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Texas Sexual Assault Numbers Grow, Though Fewer Victims Are Speaking Up

Ilana Panich-Linsman/KUT
University of Texas students engage in an exercise at the school's 'Get Sexy, Get Consent' workshop last September.

The way people in Texas define sexual assault has broadened quite a lot over the last ten years. Texas law prohibits not only physical sexual assault, but also forcing someone to participate in photos or movies and unwanted sexual experiences while intoxicated and unable to consent.

According to a new study by researchers at the University of Texas at Austin, sexual assault in Texas is much more common now than it was about 10 years ago.

"In fact, a staggering number of adult Texans have said 'I’m a victim of sexual assault,'" says Noel Busch-Armendariz, a professor and dean at the University of Texas’ School of Social Work and also the lead investigator of the new study that found 32 percent of Texans, or more than 6 million adults in the state, have experienced some form of sexual assault in their lives.

"What we want to do eventually is not bring shame to the people that this has happened to," Busch-Armendariz says. "The shame really belongs with the perpetrators of these crimes.”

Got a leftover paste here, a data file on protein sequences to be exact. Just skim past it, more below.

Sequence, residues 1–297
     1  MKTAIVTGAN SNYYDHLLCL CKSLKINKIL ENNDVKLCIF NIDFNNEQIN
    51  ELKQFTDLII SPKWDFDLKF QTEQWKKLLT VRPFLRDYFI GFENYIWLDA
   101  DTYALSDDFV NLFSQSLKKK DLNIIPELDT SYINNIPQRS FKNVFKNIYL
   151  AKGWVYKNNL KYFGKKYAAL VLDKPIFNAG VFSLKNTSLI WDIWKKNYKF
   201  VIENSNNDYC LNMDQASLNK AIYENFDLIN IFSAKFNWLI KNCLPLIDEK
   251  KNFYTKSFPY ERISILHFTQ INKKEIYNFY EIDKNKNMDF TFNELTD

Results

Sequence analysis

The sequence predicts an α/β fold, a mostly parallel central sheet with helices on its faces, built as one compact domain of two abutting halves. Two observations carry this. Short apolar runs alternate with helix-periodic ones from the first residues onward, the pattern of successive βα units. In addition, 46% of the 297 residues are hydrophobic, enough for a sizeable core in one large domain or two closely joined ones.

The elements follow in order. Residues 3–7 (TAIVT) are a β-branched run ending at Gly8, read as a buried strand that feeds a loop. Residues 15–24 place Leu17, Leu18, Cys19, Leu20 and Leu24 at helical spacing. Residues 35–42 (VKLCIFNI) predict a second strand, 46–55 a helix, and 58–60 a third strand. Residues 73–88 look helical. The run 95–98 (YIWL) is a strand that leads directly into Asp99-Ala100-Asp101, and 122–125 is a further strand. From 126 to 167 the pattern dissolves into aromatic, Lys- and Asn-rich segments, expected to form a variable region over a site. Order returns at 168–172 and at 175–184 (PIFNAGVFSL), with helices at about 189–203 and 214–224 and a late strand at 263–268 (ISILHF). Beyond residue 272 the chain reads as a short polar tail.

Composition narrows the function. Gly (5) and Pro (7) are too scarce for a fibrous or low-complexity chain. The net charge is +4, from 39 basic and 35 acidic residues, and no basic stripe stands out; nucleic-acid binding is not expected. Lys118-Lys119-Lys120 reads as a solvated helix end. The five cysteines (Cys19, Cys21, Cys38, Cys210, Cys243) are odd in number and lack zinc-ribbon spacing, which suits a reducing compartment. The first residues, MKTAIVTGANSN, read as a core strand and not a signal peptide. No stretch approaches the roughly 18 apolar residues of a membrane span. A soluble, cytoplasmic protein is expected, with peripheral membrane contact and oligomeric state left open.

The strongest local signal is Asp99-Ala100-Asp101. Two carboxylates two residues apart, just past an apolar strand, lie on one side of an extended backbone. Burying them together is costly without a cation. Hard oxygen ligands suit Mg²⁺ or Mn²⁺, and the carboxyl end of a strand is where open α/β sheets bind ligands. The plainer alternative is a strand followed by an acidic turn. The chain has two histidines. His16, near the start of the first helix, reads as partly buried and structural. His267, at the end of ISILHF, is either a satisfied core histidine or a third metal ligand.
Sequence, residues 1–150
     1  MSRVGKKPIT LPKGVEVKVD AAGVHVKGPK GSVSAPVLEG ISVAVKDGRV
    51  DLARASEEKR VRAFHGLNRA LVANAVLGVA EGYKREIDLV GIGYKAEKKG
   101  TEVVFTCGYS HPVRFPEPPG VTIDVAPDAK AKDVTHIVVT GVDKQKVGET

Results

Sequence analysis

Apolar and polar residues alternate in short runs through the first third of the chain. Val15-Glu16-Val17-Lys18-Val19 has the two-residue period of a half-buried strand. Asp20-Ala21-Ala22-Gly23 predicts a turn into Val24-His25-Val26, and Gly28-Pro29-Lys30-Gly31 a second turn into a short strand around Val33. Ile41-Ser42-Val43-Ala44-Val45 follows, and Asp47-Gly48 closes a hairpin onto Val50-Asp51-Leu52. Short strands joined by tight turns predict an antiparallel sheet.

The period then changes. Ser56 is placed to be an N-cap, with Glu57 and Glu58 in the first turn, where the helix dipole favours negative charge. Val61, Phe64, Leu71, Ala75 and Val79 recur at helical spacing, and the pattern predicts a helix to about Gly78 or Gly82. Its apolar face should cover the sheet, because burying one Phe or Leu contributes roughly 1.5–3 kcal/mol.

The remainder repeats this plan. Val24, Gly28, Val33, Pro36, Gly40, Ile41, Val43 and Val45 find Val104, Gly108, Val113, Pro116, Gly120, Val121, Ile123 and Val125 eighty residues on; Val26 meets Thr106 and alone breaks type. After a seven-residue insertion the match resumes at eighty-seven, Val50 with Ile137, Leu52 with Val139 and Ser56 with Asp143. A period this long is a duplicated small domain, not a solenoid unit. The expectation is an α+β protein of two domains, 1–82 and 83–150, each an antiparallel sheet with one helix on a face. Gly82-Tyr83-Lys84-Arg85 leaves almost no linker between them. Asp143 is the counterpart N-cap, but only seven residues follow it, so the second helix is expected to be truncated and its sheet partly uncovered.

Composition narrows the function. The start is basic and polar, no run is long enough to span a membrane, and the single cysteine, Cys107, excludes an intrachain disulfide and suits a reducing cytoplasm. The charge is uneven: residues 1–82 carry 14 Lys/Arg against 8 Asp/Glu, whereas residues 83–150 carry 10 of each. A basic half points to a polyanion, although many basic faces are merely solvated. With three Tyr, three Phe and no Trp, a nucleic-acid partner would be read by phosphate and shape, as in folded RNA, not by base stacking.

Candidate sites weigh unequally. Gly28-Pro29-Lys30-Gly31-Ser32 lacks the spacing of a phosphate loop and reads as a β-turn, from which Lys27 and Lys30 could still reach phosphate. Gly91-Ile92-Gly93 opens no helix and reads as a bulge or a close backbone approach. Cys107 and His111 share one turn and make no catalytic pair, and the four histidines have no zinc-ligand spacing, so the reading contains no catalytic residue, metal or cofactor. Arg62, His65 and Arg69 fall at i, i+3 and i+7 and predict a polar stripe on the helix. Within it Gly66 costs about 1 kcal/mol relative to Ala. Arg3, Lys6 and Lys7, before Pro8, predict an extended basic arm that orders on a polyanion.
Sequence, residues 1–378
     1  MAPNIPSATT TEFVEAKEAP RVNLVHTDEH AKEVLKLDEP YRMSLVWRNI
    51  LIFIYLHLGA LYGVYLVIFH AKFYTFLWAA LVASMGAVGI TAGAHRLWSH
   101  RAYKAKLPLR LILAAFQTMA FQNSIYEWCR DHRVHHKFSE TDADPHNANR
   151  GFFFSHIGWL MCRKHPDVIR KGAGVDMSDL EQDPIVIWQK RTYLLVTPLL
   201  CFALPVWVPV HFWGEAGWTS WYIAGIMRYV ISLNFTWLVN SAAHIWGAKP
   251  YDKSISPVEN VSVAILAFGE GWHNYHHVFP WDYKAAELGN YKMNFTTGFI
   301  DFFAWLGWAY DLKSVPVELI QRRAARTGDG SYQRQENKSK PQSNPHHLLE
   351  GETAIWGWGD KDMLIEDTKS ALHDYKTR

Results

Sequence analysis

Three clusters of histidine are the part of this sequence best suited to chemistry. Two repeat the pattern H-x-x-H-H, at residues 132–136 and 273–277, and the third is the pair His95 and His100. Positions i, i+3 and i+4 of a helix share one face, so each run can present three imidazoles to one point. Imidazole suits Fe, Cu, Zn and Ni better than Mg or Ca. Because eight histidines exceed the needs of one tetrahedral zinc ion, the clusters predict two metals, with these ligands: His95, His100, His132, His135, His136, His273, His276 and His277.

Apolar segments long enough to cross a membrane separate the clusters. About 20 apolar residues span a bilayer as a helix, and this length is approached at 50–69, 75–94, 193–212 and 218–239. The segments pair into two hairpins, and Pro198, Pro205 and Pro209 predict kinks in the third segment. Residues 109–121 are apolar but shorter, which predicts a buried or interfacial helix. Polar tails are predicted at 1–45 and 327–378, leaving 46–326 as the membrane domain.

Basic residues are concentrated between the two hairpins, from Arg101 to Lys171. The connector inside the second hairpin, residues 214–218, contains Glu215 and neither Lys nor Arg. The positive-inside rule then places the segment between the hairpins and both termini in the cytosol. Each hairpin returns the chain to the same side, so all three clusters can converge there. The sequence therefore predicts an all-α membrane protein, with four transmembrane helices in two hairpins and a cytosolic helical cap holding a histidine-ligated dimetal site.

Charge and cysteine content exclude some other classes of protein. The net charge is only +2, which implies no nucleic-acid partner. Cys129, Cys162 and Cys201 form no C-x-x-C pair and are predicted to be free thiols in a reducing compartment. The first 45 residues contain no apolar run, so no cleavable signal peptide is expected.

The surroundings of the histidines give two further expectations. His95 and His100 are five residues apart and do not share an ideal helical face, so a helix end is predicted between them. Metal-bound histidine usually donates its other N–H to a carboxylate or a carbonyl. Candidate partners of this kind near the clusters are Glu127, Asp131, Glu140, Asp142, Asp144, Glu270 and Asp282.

She says the research is calling on the state to identify who’s at risk and why they’re at risk.

Credit University of Texas at Austin, Busch-Armendariz, N.B., Olaya-Rodriguez, D., Kammer-Kerwick, M., Wachter, K. & Sulley C.

"A lot of people still buy into the mythology of what a righteous rape victim might look like,” says Annette Burrhus-Clay, the executive director of the Texas Association Against Sexual Assault. She points out that a victim can include someone who’s agreed to a date, accepted a ride or had a drink with a perpetrator. Over the last 12 years, however, the rate of reporting sexual assault in Texas has dropped in half, from 18 to 9 percent.

"We can’t just have public awareness campaigns and folks out there encouraging people to report if when they report nothing is happening," Burrhus-Clay says. "So I think that’s where we need to spend our energy, is to figure out why more of these cases aren’t moving forward, why we don’t believe women?"

According to the UT study, sexual assault among women is more common at 18 years of age and older, whereas for men it’s ages 17 and younger.

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